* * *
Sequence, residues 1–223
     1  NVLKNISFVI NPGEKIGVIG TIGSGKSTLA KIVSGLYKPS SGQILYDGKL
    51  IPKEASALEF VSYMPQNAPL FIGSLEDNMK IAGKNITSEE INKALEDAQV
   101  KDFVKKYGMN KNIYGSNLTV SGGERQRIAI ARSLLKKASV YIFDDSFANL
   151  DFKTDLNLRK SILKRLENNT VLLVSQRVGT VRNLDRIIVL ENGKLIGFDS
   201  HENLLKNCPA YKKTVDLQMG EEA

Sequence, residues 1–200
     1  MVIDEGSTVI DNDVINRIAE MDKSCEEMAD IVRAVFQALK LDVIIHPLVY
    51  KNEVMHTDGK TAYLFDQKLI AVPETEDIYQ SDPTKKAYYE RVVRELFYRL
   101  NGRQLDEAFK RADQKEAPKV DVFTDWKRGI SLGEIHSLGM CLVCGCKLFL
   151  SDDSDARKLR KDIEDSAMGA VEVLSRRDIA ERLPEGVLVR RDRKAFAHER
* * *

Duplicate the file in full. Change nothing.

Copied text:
Sequence, residues 1–223
     1  NVLKNISFVI NPGEKIGVIG TIGSGKSTLA KIVSGLYKPS SGQILYDGKL
    51  IPKEASALEF VSYMPQNAPL FIGSLEDNMK IAGKNITSEE INKALEDAQV
   101  KDFVKKYGMN KNIYGSNLTV SGGERQRIAI ARSLLKKASV YIFDDSFANL
   151  DFKTDLNLRK SILKRLENNT VLLVSQRVGT VRNLDRIIVL ENGKLIGFDS
   201  HENLLKNCPA YKKTVDLQMG EEA

Sequence, residues 1–200
     1  MVIDEGSTVI DNDVINRIAE MDKSCEEMAD IVRAVFQALK LDVIIHPLVY
    51  KNEVMHTDGK TAYLFDQKLI AVPETEDIYQ SDPTKKAYYE RVVRELFYRL
   101  NGRQLDEAFK RADQKEAPKV DVFTDWKRGI SLGEIHSLGM CLVCGCKLFL
   151  SDDSDARKLR KDIEDSAMGA VEVLSRRDIA ERLPEGVLVR RDRKAFAHER